In mid-August 2011, we purchased a Whirlpool refrigerator, model ED2KHAXVQ01. We chose the brand based upon the recommendations of friends and family that Whirlpool was a quality brand. Two weeks ago, the fridge stopped cooling. A repairman came and told us that the compressor needed to be replaced, and that the fridge is out of warranty by a little more than a month, meaning the financial responsibility is ours.
We purchased the fridge for $1079, and the repair estimate is $790. For a fridge that is a little more than a year old! Attempts to explain the situation to Whirlpool and [Lowe’s] (the store where the fridge was purchased) has fallen on deaf ears, as either company refuses to acknowledge the extenuating circumstances of the problem. I was told that in the past Whirlpool warrantied their “sealed refrigerator parts”, compressor included, for 5 years, but that is no longer the case, and as the standard one year warranty has expired, Whirlpool does not have any obligation to repair the fridge.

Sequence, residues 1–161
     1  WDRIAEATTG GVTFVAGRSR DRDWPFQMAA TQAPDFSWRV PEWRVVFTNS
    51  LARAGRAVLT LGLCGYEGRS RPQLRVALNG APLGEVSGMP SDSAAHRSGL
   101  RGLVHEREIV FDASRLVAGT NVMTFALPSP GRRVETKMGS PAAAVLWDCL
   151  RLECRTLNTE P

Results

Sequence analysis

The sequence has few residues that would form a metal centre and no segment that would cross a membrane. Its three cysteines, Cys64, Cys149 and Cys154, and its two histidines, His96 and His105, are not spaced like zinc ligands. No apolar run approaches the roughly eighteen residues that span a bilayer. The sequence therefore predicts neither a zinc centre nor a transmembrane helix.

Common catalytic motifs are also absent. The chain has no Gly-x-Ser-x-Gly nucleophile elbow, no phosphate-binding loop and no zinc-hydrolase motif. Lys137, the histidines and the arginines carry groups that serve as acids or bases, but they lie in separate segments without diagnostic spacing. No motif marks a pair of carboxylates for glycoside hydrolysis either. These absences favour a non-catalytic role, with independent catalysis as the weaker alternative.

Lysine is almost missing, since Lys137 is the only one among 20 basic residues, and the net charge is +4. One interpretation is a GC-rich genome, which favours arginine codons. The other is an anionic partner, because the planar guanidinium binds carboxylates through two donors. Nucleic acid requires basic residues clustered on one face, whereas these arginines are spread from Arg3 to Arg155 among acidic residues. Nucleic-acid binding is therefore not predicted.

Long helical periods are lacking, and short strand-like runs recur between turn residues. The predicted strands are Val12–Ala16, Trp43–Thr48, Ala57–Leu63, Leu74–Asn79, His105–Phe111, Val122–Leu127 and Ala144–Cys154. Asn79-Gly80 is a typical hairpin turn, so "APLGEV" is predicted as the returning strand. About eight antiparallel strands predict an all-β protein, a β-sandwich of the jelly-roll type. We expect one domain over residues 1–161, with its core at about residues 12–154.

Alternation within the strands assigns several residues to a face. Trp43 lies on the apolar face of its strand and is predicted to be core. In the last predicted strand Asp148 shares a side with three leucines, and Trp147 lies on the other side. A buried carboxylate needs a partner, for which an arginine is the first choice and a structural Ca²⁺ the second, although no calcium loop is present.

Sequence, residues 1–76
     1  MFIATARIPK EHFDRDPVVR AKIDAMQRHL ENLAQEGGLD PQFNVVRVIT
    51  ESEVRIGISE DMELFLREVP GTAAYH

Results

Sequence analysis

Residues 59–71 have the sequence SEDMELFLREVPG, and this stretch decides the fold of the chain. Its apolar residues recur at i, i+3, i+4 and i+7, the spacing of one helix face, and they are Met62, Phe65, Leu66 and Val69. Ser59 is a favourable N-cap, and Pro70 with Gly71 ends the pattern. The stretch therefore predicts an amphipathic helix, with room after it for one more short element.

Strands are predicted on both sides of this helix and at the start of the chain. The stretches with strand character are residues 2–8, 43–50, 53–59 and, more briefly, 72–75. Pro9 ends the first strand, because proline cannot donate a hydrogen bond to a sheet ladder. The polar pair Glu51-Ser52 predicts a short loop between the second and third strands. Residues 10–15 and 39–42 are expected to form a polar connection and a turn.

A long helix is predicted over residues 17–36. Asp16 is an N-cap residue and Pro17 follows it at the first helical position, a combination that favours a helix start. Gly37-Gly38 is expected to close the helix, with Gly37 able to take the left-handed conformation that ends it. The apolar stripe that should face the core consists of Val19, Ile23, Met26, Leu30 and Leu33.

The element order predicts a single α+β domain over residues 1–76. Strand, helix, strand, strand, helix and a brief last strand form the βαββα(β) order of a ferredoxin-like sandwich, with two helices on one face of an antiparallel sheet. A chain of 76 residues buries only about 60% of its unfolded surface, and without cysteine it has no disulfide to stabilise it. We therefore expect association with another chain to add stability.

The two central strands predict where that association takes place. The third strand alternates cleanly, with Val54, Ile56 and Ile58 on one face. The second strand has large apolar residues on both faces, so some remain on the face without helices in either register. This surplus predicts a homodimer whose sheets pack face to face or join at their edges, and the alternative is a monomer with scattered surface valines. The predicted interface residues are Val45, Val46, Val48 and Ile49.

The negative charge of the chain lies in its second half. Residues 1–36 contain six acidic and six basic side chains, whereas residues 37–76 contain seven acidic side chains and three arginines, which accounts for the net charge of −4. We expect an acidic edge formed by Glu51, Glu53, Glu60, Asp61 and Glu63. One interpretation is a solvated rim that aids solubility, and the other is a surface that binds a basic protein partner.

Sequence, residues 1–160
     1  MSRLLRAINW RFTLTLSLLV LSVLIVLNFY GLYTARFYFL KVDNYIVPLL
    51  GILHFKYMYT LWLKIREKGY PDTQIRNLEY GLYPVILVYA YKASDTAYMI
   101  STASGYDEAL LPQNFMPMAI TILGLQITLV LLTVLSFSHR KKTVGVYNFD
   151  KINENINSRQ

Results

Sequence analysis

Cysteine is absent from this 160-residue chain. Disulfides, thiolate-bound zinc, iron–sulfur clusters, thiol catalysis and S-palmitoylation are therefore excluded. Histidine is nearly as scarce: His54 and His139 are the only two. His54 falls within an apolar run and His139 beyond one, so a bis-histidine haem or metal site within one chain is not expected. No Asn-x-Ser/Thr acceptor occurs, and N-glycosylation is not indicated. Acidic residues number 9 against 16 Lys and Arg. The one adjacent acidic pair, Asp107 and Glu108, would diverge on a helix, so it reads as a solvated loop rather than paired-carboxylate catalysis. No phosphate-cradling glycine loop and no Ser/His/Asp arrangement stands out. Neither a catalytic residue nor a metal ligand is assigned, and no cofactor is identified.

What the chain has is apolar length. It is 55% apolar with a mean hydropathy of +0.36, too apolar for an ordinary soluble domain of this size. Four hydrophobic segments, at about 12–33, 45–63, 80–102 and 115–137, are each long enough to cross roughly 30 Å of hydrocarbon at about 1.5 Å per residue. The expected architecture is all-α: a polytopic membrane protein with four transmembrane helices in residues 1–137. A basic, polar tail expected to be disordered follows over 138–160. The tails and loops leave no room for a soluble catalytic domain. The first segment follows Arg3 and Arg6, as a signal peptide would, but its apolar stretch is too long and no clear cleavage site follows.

I’d like to highlight the poor customer service of Whirlpool as well as its business practices. As this problem is only one example, I cannot make the case that Whirlpool uses inferior-quality parts, but I can make the case that Whirlpool does not stand behind their product quality, good or bad.
These circumstances aren’t all that extenuating: the fridge broke and the warranty’s up. What’s irksome is that the repair costs so much more than the original purchase price of the appliance, and that the warranty time is so short. A refrigerator isn’t an iPhone, a fragile gadget that you take everywhere and drop on the ground. You buy them with some expectation that they’re going to stay around and function for a while. That lifespan used to be measured in decades, not in years.
Other readers have found success complaining to Whirlpool’s executive customer service representatives about various Whirlpool brands through Facebook and Twitter. Old-fashioned letters or e-mails to executives work pretty well, too.